Hippies of the Religious Right an "important resource"October 12th, 2011 by admin
"American evangelicals have long had a complicated relationship with the market." So goes the first sentence of a multi-book review published in the Reviews in American History. Preston Shires's Hippies of the Religious Rightis one of four books reviewed in the essay, published this spring, and is important for is insight into the Jesus movement of the 1960s and 1970s. The reviewer writes,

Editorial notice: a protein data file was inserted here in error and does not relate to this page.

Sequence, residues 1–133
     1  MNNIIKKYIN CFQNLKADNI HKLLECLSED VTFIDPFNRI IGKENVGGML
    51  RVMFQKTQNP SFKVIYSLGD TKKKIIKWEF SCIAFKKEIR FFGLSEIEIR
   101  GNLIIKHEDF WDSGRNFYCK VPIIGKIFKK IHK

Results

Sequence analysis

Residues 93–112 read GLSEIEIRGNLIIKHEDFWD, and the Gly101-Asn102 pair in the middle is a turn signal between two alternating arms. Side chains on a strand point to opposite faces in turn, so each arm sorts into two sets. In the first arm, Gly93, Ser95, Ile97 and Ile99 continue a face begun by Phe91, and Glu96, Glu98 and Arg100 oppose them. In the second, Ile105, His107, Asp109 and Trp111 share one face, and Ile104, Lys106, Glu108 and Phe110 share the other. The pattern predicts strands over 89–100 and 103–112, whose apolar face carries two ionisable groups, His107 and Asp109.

Hippies of the Religious Right is an important resource because of the information that it provides on the Jesus movement, a short-lived evangelical subgroup that unfortunately has received little attention from historians. In the late 1960s and early 1970s, thousands of young drug users, left-leaning college students, rock musicians, and long-haired idealists gave up sex and drugs and joined the California-based Jesus movement. They embraced an evangelical version of Christianity that melded a literal interpretation of the Bible with the dress, music, and values of the counterculture. Yet thirty years later, the Jesus People were Republicans. A survey of 800 former Jesus People taken in the early twenty-first century revealed that more than half considered themselves conservative, while very few characterized their politics as liberal (p. 178).